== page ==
How centuries-old whaling logs are filling gaps in our climate knowledge
A little after 7:30 in the morning on Wednesday, December 7, 1887, in the aftermath of remarkably strong northeasterly winds, Captain William A. Martin instructed the crew of the Eunice H. Adams, a whaling ship from Massachusetts, to anchor in cerulean water roughly 24 feet deep, close to Port Royal, South Carolina. Around 9 a.m., Charles Hamilton, a desperate crew member, jumped overboard — deserting his post, with the intention of swimming to land. He was intercepted mid-route by another ship, which returned him to the leaking brig he had tried to escape.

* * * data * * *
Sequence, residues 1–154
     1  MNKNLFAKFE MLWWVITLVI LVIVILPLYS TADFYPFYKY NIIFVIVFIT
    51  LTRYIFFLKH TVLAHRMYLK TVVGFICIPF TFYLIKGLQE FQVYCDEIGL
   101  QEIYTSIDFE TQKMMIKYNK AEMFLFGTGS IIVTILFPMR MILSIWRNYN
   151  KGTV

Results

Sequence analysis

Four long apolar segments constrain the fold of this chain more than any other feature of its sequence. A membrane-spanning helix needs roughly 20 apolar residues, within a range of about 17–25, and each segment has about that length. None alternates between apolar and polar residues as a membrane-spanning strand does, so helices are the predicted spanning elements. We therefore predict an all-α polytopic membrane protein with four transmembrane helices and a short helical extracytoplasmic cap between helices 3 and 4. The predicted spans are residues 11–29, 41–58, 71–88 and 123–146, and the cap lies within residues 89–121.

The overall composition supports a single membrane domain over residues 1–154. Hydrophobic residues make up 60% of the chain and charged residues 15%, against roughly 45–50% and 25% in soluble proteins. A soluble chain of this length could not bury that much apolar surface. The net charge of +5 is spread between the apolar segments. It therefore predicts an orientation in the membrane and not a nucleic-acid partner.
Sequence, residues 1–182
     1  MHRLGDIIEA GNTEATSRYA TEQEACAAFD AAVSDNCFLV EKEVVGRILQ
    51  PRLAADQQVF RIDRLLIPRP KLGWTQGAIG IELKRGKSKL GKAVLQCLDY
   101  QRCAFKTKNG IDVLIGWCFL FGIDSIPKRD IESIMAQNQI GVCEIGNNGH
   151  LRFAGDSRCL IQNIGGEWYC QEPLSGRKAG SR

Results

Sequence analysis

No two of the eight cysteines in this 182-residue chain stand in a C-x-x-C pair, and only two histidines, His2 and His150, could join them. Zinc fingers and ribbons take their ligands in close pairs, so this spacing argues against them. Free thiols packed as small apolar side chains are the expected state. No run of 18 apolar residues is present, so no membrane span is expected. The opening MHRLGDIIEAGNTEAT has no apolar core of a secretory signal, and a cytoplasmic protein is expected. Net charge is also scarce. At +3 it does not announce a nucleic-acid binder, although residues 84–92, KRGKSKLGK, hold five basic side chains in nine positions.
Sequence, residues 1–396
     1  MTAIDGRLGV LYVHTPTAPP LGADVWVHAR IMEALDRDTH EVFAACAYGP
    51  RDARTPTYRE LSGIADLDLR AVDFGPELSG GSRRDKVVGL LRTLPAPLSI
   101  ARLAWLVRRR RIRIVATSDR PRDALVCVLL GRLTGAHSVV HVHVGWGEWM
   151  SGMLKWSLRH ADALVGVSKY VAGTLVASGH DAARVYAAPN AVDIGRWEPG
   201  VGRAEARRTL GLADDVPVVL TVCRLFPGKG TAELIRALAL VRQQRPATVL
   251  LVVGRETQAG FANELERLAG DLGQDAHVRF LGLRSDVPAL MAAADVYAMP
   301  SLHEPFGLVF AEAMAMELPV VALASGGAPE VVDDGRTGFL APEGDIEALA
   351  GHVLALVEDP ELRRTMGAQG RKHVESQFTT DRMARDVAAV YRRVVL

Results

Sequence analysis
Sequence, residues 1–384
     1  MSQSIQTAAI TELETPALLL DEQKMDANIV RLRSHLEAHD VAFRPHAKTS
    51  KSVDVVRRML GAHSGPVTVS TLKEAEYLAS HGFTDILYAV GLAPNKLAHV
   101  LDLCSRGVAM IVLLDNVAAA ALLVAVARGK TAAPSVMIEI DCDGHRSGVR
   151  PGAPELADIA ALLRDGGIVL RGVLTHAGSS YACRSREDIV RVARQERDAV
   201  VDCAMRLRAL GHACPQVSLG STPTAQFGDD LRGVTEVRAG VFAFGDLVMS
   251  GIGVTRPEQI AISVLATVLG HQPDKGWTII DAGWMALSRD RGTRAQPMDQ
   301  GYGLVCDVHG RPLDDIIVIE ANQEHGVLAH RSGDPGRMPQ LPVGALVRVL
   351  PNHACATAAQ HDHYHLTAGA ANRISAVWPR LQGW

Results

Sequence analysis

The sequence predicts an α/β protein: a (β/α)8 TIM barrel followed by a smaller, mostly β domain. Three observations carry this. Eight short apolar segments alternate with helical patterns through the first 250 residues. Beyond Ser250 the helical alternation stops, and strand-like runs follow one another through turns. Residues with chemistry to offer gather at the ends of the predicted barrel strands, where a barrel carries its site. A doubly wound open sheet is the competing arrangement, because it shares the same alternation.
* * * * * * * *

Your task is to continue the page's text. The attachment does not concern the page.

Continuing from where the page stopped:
Later that day, an act of near-mutiny occurred. According to the ship’s logbook, a signed letter from the majority of the crew was sent ashore to Port Royal authorities. In it, the men complained that the vessel they sailed on was “unseaworthy,” unhappy with the unplanned stop and delay for repairs merely months into their voyage, in the hope that they’d be released from duty. Authorities did nothing. A sheet of rain beat down on the Eunice H. Adams, and the miserable crew was forced to continue to carry on to Cabo Verde, an archipelago on the we... Read more